High-speed rail (HSR) in China is officially defined as passenger-dedicated railways designed to carry multiple unit trains at speeds of 250–350 km/h (155–217 mph). Certain use freight and passenger rail lines, that can be upgraded for train speeds of 250 km/h, with current passenger service of at least 200 km/h (124 mph), are also considered high-speed rail. The country’s HSR network, which in 2016 extended to 29 of the country’s 33 provincial-level administrative divisions and exceeded 22,000 km (14,000 mi) in total length, accounted for about two-thirds of the world’s high-speed rail tracks in commercial service. The world’s longest HSR network is also the most extensively used, with 1.44 billion trips delivered in 2016.
HSR trains, track and service are owned and operated by the China Railway Corporation. The China Railway High-speed (CRH) high-speed train service was introduced in April 2007 featuring high-speed train sets running at 250 km/h on upgraded track. The Beijing-Tianjin Intercity Rail, which opened in August 2008 and could carry high-speed trains at 350 km/h (217 mph), was the first passenger dedicated HSR line.
High-speed rail developed rapidly in China over the past 15 years thanks to generous funding from the Chinese government, especially the economic stimulus program during the Great Recession. The HSR building boom has nevertheless continued with the HSR network set to reach 38,000 km (24,000 mi) in 2025 and 45,000 km (28,000 mi) in the longer term.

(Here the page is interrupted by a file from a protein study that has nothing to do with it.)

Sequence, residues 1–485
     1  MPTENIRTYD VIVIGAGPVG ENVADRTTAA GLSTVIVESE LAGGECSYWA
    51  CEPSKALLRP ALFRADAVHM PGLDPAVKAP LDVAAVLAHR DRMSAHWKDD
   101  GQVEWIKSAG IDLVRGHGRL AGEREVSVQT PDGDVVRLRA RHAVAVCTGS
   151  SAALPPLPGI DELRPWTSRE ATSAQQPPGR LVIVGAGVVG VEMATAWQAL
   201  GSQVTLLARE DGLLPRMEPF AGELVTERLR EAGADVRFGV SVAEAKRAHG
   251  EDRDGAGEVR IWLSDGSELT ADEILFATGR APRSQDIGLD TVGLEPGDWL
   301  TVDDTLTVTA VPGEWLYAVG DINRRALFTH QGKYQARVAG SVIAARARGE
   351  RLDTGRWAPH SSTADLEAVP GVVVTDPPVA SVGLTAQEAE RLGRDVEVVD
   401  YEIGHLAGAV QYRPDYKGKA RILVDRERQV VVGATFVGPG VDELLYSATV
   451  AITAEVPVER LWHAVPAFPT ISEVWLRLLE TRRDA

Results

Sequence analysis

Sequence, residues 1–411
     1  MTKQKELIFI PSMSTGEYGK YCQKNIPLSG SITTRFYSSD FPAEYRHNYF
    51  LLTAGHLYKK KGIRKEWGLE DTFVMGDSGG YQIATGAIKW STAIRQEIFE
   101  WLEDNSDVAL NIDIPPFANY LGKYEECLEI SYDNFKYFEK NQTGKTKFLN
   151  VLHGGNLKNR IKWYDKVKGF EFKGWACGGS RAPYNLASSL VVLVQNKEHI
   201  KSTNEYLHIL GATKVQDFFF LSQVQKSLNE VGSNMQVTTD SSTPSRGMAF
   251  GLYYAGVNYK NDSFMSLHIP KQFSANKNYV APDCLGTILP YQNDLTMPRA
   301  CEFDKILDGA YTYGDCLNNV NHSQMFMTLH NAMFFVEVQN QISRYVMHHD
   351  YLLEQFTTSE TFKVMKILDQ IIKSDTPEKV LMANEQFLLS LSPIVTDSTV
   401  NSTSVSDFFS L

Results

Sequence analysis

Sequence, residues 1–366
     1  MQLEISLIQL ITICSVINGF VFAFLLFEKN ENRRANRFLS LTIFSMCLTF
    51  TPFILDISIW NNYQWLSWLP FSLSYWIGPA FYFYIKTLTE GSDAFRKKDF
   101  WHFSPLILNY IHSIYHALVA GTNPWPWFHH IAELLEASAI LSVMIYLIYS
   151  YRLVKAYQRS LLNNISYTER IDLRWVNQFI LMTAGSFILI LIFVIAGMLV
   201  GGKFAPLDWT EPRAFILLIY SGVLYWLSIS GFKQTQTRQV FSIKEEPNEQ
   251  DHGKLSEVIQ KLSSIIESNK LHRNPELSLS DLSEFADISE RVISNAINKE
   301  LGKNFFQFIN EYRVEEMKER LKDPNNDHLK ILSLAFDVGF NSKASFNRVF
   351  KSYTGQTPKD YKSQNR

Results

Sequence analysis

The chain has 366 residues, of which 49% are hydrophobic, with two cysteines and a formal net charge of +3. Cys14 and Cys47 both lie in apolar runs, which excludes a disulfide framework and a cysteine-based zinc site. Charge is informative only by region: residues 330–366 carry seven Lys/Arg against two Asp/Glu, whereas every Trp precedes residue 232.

China’s early high-speed trains were imported or built under technology transfer agreements with foreign train-makers including Alstom, Siemens, Bombardier and Kawasaki Heavy Industries. Since the initial technological support, Chinese engineers have re-designed internal train components and built indigenous trains manufactured by the state-owned CRRC Corporation.
The advent of high-speed rail in China has greatly reduced travel time and has transformed Chinese society and economy. A World Bank study found “a broad range of travelers of different income levels choose HSR for its comfort, convenience, safety and punctuality.”
Notable HSR lines in China include the Beijing–Guangzhou High-Speed Railway which at 2,298 km (1,428 mi) is the world’s longest HSR line in operation, and the Shanghai Maglev, the world’s first high-speed commercial magnetic levitation line, whose trains run on non-conventional track and reach a top speed of 430 km/h (267 mph)
China HSR are also currently being implemented in the likes of Indonesia as well as Thailand
Source : Wikipedia